Two pictures of the front of the remains of the Ordinance Shop. The roof is completely gone with most of the block walls still standing.
These two views were taken from the front of the Ordinance Shop looking toward the back of the building.
This is the north end BC of Battery Hall looking at door access to spiral staircase leading to ground floor.
This picture is looking into the spiral staircase with the door in the picture at right opened. The white area at the bottom is a landing where the spiral staircase was attached. The steel steps of the staircase have long since been removed. The underside of this landing can be seen from ground level in picture above.
Inside of Battery Hall service tunnel looking south with ammunition bunkers to left and troop quarters to right.
Looking north through Battery Hall service tunnel. Supplies were delivered by narrow gauge railway to the fort.
This is a picture of the north BC area showing the communications wiring panel that provided telephone communications to the plotting room from the BC observation post.
This is north BC area for Battery Hall. Platform is for mounting sighting scopes. Box at left was for communication connections. Steps at right lead to connecting channel.
Another view of north BC area showing platform for viewing scopes and communications panel (also shown below).
This transition corner from BC area to personnel channel
Another view of south BC of Battery Hall.
Picture of channel taken at "eye level." It might be interesting to note that the bottom of this channel is approximately the same level as the top of concrete portion of bunker underneath. The depth of the channel roughly equates to the depth of the earthen covering of the bunker. This channel is located over the easterly sidewalls of the main corridor below.
These four pictures show the latrine and shower area for the troop quarters for Battery Hall. Note the overhead water supply tank at lower right.
Battery Haslet had identical facilities. However, the condition of Battery Haslet, in general, is much worse than Battery Hall. The condition of the latrine area in Haslet is such that it would serve no purpose to post pictures. The Battery Hall pictures "tell" a better story.
As one enters the north entrance of Battery Hall into the main service tunnel, there is a warning sign posted on the door regarding EXPLOSIVES. Once inside the main tunnel, ammunition storage (powder and shells) is on the left and troop quarters are on the right. The first room on the right is the lavatory facilities. The first room on the left was the plotting room.
The above picture shows the interior of the troop quarters. The red area along the right wall is the fireplace which is also pictured above. The left wall has "windows" similar to the pictures below and the service tunnel is just on the other side. The right wall has the earthen embankment on the opposite side.
Here are two pictures of the service hallway that leads to the ammunition storage. This is the north end hallway of Battery Hall. The magazine areas for powder and shells are to the right. There are two powder rooms and two shell rooms for each gun. This area supports gun number 2 and there is an equivalent area adjacent that supports gun number 1 at the other end. In the ceiling you can see remnants of the overhead trolly system that was used to transport shells in the interior. (Insets) The shell was placed on a shell cart for transport to the outside gun.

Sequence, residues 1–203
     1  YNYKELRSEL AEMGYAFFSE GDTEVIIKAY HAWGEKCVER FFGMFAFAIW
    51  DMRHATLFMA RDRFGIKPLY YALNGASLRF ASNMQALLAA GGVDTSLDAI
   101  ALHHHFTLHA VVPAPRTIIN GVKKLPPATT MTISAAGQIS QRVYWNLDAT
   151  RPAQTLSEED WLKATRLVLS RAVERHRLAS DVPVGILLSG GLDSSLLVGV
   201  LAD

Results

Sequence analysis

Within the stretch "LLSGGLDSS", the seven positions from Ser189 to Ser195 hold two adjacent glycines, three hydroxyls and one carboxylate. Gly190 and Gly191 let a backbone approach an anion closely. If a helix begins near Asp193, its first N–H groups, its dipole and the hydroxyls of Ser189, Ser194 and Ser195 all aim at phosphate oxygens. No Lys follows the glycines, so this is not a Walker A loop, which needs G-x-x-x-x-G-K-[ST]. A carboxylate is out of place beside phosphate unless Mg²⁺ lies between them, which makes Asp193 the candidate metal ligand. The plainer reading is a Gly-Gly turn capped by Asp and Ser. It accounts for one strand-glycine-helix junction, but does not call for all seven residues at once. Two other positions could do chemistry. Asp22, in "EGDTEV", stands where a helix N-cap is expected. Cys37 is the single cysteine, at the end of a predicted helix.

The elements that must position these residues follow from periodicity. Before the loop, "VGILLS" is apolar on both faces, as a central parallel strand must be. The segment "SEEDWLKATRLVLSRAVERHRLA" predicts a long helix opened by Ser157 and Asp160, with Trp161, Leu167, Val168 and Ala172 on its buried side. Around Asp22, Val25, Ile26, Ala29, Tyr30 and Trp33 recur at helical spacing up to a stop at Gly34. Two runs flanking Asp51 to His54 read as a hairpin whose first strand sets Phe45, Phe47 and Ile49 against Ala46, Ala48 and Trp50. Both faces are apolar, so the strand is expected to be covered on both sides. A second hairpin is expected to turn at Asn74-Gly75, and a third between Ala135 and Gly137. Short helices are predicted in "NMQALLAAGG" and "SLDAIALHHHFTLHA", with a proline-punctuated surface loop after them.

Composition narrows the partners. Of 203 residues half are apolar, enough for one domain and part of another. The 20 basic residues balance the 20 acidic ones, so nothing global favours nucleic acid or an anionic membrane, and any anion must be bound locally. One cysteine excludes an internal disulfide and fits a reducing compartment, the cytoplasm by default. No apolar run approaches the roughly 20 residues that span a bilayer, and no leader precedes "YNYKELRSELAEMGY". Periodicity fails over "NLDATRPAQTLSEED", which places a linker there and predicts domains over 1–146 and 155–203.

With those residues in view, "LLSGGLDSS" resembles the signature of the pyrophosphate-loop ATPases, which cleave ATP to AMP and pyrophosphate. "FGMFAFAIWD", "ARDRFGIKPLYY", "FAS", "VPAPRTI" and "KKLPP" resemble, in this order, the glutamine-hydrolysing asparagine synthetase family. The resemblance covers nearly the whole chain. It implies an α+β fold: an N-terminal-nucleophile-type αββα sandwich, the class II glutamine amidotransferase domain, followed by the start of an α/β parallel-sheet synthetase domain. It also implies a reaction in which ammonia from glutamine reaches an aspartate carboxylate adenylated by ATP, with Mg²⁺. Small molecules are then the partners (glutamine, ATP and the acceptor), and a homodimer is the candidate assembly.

As a note, it was difficult photographing the interior portions of the fort since most of the areas were "pitch" black. A flashlight had to be used to focus and many times a flash wasn't enough to erase the darkness.
Here are two pictures of the gun pad location for Battery Hall number 2 gun. The concrete pad measures 100 feet in diameter. The below grade opening for the Barbette Carriage measures 23 feet 4 inches across. The recessed opening has now been filled in with dirt and shows in the picture as the grassy circle. The gun mounting anchor bolts were in the floor at the bottom of this recess. The concrete slightly elevated rim around the opening is 5 feet 10 inches wide and surrounded the rotating deck of the carriage.
This concrete bunker is connected to the interior of the fort by a tunnel allowing access to gun pad. Center picture is looking into the bunker with personnel door open. This is the entrance of the M. 1. or M. I. tunnel as mentioned below. There are steps that lead down to the floor level of tunnel. The swinging steel door on front can be closed to cover viewing port. Interior tunnel pictures are shown below.
These two pictures show two of the tunnels that connect the interior of the fort to outside bunkers for personnel access. The tunnels currently have about 4" - 6" of water standing in them. On the floor plan, these tunnels are labeled either M. 1. or M. I. Tunnels. More research is needed to find out more about these tunnels. The light is entering through the viewing ports as pictured in the above pictures of the bunkers.
Here are two pictures of inside the magazine storage area rooms for shells. The fort has 8 of these rooms with each battery having 4, or two for each gun. There are also 2 powder storage rooms for each gun adjacent. The powder rooms look the same, but did not have the trolley system. The shell rooms had an overhead trolley system to transport the more than 1000 pound shells. Some of the remaining mounting brackets are still attached to the ceiling. The trolley system was used to move the shells both to the shell cart for the guns and to off load supply deliveries. The walls that separate the shell and powder rooms are 3 feet thick concrete.